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Russian judge agrees to extend Evan Gershkovich’s detention for three months

MOSCOW — A Moscow court, meeting behind closed doors on Tuesday, extended the arrest of Evan Gershkovich, a correspondent for the Wall Street Journal accused of espionage, for more than three months, until August 30.

The denial of bail and the extension of Mr. Gershkovich’s detention were widely expected, although Russia has presented no evidence to support the charge of espionage, which is vehemently denied by the US government and the Wall Street Journal.

Mr Gershkovich’s parents, Ella and Mikhail Gershkovich, waited outside the courtroom for more than an hour before being allowed to see their son for the first time since his March 29 arrest.

They were taken away with one of Mr. Gershkovich’s lawyers at the end of the hearing. They did not comment on what they had seen. Before entering, Mr Gershkovich’s father said: “We hope he is well and can be as strong as his mother.” Ms. Gershkovich wore a “Free Evan” button.

Mr. Gershkovich was detained in Lefortovo prison since his arrest on March 29 during a reporting trip to the central Russian city of Yekaterinburg. If found guilty, Mr Gershkovich would face up to 20 years in a Russian penal colony.

US diplomats had said it was almost certain that Mr Gershkovich’s detention would be extended during the hearing and his bail request refused. Even at the best of times, a preliminary investigation into a spy case normally takes months, and a year can pass before a verdict is reached.

Russian-American relations are in a state of acute tension because of the war in Ukraine, a conflict which is still officially referred to in Russia as a “special military operation”, and President Vladimir V. Putin has embarked on a independent news suppression campaign. the media and freedom of expression in general.

Prior to the arrest of Mr Gershkovich, 31, no Western journalist had been charged with espionage in the country since the Cold War. During a hearing in a Moscow courtroom on April 18, reporters were allowed in and saw Mr. Gershkovich standing in a glass cage, red handcuff marks visible on his wrist. He smiled and, through his lawyer, declared his determination to defend his right to work freely as an accredited journalist.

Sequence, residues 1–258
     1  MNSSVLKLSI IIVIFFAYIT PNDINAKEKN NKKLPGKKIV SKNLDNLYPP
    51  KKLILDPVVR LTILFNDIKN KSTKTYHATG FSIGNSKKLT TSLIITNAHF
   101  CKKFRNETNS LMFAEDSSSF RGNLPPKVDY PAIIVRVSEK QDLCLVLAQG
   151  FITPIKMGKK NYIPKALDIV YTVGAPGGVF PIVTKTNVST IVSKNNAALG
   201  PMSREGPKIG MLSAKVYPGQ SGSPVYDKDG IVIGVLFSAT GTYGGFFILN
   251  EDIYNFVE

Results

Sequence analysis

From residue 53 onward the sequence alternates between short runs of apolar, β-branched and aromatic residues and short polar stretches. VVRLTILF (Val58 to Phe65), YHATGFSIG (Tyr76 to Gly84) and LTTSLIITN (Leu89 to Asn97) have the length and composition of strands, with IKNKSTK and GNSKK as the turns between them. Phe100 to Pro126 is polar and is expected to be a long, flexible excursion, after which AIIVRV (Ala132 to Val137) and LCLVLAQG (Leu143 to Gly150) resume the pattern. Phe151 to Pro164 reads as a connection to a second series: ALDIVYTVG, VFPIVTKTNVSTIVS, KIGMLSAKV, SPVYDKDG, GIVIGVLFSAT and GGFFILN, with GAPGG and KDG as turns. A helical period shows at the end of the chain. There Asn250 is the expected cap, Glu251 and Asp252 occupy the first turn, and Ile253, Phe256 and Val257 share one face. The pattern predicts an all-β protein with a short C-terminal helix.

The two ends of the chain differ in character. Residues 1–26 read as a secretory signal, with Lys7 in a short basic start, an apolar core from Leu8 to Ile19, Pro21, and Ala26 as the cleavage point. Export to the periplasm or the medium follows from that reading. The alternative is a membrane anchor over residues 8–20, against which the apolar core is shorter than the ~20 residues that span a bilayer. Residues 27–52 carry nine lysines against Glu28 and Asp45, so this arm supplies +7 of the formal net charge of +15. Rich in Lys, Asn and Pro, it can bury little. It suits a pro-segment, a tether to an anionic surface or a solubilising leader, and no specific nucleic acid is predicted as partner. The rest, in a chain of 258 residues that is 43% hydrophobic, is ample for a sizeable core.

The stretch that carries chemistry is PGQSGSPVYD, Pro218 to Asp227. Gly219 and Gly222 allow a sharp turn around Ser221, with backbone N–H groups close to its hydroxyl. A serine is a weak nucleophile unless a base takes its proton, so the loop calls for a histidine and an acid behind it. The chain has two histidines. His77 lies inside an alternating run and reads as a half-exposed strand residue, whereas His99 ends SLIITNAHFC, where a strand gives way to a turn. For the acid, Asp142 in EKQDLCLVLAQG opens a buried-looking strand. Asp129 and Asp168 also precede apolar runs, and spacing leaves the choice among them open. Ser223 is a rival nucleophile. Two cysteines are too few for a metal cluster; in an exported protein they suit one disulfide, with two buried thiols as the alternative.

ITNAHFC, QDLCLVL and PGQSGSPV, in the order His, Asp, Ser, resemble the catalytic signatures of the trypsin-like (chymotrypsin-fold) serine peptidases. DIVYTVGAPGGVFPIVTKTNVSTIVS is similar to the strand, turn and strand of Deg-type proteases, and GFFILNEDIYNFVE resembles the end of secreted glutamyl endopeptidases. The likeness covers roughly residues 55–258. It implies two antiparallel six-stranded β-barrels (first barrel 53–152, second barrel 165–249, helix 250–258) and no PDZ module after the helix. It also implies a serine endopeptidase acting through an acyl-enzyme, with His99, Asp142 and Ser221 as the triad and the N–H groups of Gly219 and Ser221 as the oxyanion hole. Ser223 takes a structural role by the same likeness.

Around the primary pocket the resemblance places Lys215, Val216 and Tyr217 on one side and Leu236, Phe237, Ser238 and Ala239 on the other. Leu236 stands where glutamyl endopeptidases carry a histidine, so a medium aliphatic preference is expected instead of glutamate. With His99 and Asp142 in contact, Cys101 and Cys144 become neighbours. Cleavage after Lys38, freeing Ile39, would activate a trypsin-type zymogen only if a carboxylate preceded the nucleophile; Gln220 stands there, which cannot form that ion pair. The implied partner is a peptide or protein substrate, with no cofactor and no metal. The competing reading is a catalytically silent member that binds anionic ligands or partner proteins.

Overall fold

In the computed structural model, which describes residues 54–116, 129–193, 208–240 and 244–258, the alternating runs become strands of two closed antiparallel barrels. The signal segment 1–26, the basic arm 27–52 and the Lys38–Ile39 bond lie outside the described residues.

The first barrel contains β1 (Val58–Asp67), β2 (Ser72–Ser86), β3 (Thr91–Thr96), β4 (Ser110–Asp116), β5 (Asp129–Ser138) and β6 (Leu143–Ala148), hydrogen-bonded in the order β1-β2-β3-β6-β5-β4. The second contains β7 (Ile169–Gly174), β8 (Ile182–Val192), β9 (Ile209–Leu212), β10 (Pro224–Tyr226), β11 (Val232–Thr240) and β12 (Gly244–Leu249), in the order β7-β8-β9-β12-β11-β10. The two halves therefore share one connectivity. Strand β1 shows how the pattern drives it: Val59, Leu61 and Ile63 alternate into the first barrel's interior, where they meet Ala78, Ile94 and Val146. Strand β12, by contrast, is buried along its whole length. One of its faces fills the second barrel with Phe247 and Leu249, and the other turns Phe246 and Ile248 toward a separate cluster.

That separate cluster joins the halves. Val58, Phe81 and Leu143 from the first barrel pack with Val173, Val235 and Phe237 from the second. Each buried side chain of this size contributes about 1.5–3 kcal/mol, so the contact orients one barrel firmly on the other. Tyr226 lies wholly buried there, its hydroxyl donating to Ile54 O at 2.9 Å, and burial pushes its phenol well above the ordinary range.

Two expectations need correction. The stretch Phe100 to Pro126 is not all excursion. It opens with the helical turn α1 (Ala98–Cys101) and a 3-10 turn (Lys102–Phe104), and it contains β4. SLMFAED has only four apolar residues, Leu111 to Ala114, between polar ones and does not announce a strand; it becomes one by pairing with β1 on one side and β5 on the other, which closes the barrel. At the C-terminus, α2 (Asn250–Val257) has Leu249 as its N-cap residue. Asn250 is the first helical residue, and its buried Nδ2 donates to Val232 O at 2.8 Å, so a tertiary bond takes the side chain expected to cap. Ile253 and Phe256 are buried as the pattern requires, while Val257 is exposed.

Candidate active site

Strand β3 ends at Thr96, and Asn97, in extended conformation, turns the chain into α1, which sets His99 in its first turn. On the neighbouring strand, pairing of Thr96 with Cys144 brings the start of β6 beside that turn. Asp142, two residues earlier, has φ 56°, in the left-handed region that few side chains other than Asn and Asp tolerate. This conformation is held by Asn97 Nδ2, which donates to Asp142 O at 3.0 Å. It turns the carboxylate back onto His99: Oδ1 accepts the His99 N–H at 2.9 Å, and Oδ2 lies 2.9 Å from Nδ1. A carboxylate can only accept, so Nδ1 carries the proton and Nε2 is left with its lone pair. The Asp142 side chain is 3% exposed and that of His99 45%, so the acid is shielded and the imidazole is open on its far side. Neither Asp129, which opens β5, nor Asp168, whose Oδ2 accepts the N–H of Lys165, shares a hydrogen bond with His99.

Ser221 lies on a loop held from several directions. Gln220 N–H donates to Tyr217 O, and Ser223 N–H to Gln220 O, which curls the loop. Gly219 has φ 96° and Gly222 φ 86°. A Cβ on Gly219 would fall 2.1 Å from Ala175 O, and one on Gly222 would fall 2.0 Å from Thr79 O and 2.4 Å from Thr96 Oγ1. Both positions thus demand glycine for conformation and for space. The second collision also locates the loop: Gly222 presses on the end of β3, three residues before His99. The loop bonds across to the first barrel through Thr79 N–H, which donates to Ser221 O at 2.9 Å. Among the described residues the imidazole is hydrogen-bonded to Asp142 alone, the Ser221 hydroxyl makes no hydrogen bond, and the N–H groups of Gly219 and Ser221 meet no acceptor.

Mr Putin has been quick to stifle criticism of the war, making it punishable by lengthy prison terms and taking other action against dissent. This has caused an exodus of war critics and many Russians who are worried about the direction of their country.

Lefortovo prison is notorious for the virtual isolation and often harsh conditions imposed on its inmates. Mr. Gershkovich has been generally isolated, diplomats said, but his lawyers have been allowed to see him regularly.

Russian authorities have denied two requests by US Ambassador to Russia Lynne M. Tracy to visit Mr. Gershkovich since she was allowed to see him under intense Russian scrutiny on April 17.

Dmitry S. Peskov, Mr Putin’s spokesman, said Mr Gershkovich had been caught “in the act”, but did not give details. Russia has provided no evidence to support the espionage charge against a journalist known for his extensive knowledge of the country and dogged reporting.

The United States government, the Journal, numerous colleagues, press freedom groups and prominent international officials have all condemned Mr. Gershkovich’s detention. They vehemently denied the charges against him.

The Biden administration has claimed that Mr Gershkovich was “wrongfully detained” – an official ruling that effectively says the United States considers him a political hostage and sets the stage for a wide range of measures to secure his release. The White House has called for his immediate release.

A prisoner exchange, like the one that freed American basketball star Brittney Griner late last year, would not take place until a verdict is reached in the case, Russian officials said. However, the Biden administration is known to work to secure an early release.

nytimes Gt

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